*a day late, I know*
I do not have the same frame of reference for war that my grandparents did. I do not have childhood memories of occupation troops, nor did I walk across the Netherlands during Hongerwinter to find food. At no point during my childhood did we take in a Jewish child who needed a safe place to stay.
I do not have the same frame of reference for war that my brother does. I have never ridden in a Humvee. I have not spent months overseas, or lost friends in combat. I don’t even have the vocabulary for his experience.
My frame of reference for war is that of a descendant. Who heard the stories that my grandparents told, and the stories that they didn’t tell.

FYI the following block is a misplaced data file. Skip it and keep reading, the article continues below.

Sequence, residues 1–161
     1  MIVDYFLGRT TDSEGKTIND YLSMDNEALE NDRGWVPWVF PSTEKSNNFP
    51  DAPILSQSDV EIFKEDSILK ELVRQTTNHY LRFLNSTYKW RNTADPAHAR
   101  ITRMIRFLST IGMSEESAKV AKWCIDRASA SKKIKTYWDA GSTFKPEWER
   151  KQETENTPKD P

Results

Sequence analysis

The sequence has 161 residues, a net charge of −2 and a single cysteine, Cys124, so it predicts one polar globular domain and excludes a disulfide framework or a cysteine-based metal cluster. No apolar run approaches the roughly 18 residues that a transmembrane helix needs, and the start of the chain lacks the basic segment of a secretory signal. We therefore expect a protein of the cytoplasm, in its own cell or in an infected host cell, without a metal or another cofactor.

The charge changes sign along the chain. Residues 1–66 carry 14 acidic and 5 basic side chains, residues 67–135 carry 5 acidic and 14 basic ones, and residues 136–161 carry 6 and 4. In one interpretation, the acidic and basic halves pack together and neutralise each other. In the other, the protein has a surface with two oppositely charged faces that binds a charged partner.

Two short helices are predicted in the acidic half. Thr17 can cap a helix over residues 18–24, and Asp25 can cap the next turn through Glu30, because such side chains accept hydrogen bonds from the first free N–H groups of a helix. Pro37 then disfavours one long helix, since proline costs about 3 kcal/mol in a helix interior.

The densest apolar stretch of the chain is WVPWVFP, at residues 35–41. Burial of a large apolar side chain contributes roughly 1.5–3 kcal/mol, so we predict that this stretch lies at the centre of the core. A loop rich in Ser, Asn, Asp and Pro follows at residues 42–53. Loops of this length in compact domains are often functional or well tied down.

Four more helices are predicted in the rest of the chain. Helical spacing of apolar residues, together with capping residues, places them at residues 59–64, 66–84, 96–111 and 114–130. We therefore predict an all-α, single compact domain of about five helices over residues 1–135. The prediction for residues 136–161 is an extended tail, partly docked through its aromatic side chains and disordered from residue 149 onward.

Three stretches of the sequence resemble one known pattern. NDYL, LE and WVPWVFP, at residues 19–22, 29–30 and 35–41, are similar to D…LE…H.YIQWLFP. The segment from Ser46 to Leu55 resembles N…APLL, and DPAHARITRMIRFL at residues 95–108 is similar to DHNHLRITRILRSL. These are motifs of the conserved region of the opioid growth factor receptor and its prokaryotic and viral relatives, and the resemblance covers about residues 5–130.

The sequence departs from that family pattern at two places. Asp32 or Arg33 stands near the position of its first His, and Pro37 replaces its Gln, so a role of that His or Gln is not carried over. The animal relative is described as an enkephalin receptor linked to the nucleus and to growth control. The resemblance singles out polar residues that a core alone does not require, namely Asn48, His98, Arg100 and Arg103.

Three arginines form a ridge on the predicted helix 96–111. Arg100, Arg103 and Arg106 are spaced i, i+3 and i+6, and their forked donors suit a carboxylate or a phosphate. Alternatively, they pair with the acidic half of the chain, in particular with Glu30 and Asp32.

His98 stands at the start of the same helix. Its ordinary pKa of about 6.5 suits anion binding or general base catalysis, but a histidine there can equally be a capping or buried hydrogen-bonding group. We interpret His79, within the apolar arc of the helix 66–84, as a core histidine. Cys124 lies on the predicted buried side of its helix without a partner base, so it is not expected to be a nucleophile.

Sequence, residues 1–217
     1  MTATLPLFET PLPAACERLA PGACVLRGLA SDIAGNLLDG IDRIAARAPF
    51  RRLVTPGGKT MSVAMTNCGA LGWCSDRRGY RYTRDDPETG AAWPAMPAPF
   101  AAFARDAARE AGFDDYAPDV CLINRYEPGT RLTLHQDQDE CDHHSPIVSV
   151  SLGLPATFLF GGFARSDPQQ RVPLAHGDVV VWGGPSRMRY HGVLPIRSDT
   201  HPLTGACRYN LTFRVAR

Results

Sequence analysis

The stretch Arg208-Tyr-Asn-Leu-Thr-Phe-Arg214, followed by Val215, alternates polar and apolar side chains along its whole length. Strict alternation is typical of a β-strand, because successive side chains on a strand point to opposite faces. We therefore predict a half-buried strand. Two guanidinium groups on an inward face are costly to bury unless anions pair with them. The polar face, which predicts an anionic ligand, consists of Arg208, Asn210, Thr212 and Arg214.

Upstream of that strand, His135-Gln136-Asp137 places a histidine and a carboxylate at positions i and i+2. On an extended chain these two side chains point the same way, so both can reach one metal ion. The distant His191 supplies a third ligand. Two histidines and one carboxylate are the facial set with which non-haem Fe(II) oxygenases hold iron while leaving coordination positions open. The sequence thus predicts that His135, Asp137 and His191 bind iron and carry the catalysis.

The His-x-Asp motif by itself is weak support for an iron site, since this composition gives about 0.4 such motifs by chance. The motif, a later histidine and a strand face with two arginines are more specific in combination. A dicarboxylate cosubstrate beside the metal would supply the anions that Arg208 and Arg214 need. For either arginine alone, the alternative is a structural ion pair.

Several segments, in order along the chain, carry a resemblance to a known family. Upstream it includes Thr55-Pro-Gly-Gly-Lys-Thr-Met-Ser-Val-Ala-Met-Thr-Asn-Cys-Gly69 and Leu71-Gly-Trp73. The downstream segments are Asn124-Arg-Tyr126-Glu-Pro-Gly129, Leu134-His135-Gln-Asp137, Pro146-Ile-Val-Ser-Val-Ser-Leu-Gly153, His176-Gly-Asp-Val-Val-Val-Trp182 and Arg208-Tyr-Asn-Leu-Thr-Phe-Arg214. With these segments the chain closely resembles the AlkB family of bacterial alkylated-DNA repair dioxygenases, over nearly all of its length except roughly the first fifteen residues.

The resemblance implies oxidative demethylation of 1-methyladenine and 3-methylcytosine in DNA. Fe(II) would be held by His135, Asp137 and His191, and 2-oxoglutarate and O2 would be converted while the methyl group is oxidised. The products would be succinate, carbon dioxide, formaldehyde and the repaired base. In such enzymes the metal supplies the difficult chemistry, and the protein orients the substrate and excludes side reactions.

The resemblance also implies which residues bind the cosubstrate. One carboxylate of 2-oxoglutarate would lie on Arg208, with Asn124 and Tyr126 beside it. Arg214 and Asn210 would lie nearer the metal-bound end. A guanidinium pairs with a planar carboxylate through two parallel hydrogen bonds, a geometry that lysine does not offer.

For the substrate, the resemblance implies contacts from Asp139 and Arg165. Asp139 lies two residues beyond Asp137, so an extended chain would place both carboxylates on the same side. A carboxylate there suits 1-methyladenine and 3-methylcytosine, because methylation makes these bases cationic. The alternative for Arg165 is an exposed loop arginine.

My frame of reference for war is that of a sister.
My frame of reference for war is my mother’s hair turning gray day-by-day. It’s my mother’s voice when she tells me that after two weeks of silence, we still have not heard from my brother. It’s my father’s voice, torn by sorrow, after we have heard from my brother. My frame of reference for war is recognizing my brother’s roommate in the list of casualties. It’s scouring the pictures in news stories for his face, for mention of his division, for proof that he’s okay. It’s my sisters’ tears. It’s my tears.
It’s the joy of seeing him come home. Seeing him hold his niece, just days old, and seeing the healing start with a baby’s tiny hand.
I am thankful for veterans. Without them, I would not be where I am today.
I am thankful for my brother. Without him, I would not be the woman I am today.
Love you, brother.